Vanessa MINDEN

Nutrient enrichment, as a consequence of fertilization, atmospheric deposition and modification of landscape has changed the relative importance of nutrient elements in limiting productivity, with many formerly phosphorus (P) limited aquatic systems being today nitrogen (N) limited and many terrestrial systems showing patterns of P limitation. Ecological consequences of higher nutrient input rates are shifts in ratios of nutrients and higher productivity rates, loss of species and increase in number of endangered species. It has been shown that different species are adapted to different types of nutrient limitation. As a response to nutrient limitation, plants show distinct traits, e.g. N limitation is associated with a higher root length, whereas P limitation induces higher root phosphatase activity. An important field of research in this context is ecological stoichiometry (ES) theory, which describes the balance of elements and energy in biological functions and processes. ES studies have mainly focused on N and P, but another macronutrient of similar importance, potassium (K), has received less attention. K is the second most abundant nutrient in leaves after nitrogen, and by that more abundant than phosphorus. Even though the total soil K pools are generally higher than those of N and P, soil-plant available K concentrations are often lower, also, organic matter in soils contains almost no K. Current studies indicate that reduction in soil K availability is related to N deposition, which makes K more sensitive to changes in land use and fertilization than either N or P. There are only few studies on the response of plants to different supply rates of N, P and K, although evidence supports that K is already a limiting nutrient in terrestrial ecosystems.

A lot of research has been done on the effects of N and P on plant growth and competition. However, studies on the role of K in direct comparison to N and P are still missing. With this fellowship I aim at conducting research on the role of elemental nutrients on the growth patterns of plant species. I will conduct a greenhouse experiment with the focus on competitive interactions between species adapted to different types of nutrient limitation along gradients of N, P and K availability.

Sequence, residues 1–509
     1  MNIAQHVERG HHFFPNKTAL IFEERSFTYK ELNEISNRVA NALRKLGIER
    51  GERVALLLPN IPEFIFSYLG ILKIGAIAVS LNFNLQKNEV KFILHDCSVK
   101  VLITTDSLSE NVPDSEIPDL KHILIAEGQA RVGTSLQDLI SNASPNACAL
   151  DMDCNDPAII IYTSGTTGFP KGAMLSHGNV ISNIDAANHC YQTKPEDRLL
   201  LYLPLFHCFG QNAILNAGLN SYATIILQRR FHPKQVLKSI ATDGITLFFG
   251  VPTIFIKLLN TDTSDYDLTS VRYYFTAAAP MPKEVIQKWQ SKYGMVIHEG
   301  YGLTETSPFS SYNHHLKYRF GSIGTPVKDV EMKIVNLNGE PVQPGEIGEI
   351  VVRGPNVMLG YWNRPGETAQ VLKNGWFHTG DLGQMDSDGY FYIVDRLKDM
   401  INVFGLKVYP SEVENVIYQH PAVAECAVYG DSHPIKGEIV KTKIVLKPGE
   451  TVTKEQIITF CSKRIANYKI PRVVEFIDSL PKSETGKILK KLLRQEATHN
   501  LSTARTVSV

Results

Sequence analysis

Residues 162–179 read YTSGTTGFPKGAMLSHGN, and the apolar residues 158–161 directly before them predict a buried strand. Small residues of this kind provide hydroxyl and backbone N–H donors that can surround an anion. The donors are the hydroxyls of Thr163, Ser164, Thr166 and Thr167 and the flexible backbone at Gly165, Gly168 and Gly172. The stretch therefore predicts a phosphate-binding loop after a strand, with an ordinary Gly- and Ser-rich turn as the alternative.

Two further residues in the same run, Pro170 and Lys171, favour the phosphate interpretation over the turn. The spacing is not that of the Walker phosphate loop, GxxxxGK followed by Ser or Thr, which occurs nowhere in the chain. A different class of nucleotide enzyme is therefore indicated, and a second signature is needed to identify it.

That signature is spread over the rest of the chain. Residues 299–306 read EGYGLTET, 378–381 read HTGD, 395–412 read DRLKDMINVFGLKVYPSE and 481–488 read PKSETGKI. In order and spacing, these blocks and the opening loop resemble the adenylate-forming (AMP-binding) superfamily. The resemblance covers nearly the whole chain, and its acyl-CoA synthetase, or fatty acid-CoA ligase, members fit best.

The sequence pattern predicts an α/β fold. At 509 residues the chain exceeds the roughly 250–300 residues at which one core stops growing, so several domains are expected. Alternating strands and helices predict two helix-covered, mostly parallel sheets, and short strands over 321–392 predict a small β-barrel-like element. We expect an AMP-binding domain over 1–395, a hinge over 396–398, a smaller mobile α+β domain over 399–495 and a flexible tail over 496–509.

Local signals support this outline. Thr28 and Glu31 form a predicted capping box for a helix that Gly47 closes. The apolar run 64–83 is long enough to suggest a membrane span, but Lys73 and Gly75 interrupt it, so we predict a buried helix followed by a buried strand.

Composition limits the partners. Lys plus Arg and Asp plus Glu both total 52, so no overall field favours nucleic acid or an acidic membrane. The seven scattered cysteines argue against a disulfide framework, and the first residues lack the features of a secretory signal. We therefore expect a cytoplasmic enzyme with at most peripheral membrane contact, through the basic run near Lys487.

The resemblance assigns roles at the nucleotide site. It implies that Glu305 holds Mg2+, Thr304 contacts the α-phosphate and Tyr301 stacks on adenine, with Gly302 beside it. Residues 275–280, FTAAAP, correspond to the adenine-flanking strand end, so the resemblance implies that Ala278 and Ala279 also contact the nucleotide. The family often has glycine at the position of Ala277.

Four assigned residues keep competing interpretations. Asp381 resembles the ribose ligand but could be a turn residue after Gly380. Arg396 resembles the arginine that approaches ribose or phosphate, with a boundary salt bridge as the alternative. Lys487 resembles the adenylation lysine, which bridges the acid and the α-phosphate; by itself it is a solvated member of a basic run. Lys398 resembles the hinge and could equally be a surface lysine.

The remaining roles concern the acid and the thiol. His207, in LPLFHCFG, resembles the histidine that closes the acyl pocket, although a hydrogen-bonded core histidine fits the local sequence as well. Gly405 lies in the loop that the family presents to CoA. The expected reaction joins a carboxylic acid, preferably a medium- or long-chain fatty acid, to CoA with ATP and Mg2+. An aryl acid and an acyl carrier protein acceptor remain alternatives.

Secondly, I will work on existing data sets collected by the Landscape Ecology Group of the Univ. of Oldenburg, with data on 110 species (from salt marsh ecosystems, reeds, grasslands, semi-dry grassland, heathlands and ruderal habitats), element concentrations (N, P, K) of all tissue types (leaves, stems, roots), as well as biomass allocation traits, Specific Leaf Area, canopy height and ecosystem properties (e.g. productivity, decomposition). Plant available N, P and K concentrations of the soil are available, which allows the direct relation of elemental tissue concentration with elemental resource concentration within the various ecosystems and along gradients from wet habitats to dry habitats.

Keywords: ecological stoichiometry, nutrient limitation, competition, H value, plant traits, nitrogen, phosphorus, potassium

Minden V, Scherber C, Cebrián Piqueras MA, Trinogga J, Trenkamp A, Mantilla-Contreras J, Kleyer M (2016) Consistent drivers of plant biodiversity across managed ecosystems. Philosophical Transactions of the Royal Society B 371: 20150284; DOI 10.1098/rstb.2015.0284 

Lewandowska A et al. (incl. Minden V) (2016) The importance of stoichiometry for biodiversity-functioning relationship – a synthesis across ecosystems. Philosophical Transactions of the Royal Society B 371: 20150283; DOI: 10.1098/rstb.2015.0283

Minden V, Gorschlüter J (2016) Comparison of native and non-native Impatiens species across experimental light and nutrient gradients. Plant Ecology and Evolution 149: 59-72; DOI: 10.5091/plecevo.2016.1118

Minden V, Kleyer M (2015) Ecosystem multifunctionality of coastal salt marshes is determined by key plant traits. Journal of Vegetation Science 26: 651-662; DOI: 10.1111/jvs.12276

Kleyer M, Minden V (2015) Why functional ecology should consider all plant organs: an allocation-based perspective. Basic and Applied Ecology 16:1-9; DOI 10.1016/j.baae.2014.11.002

Kleyer M, Balke T, Minden V, Peppler-Lisbach C, Schoenmakers S, Spalke J,  Timmermann H (2014) Mellum: A highly dynamic landscape, though not for plants. In: Hellwig, U., Stock, M. (Eds.) Dynamic Islands in the Wadden Sea. Wadden Sea Ecosystem 33, pp. 29-44 Minden V, Kleyer M (2014) Internal and external regulation of plant organ stoichiometry. Plant Biology 16:897-907; DOI 10.1111/plb.12155

Minden V, Andratschke S, Spalke J, Timmermann H, Kleyer M (2012) Plant-trait environment relationships in salt marshes: deviations from predictions by ecological concepts. Perspectives in Plant Ecology, Evolution and Systematics 14:183-192; DOI 10.1016/j.ppes.2012.01.002 

Minden V, Kleyer M (2011) Testing the effect-response framework: key response and effect traits determining aboveground biomass of salt marshes. Journal of Vegetation Science 22:387-401; DOI 10.1111/j.1654-1103.2011.01272.x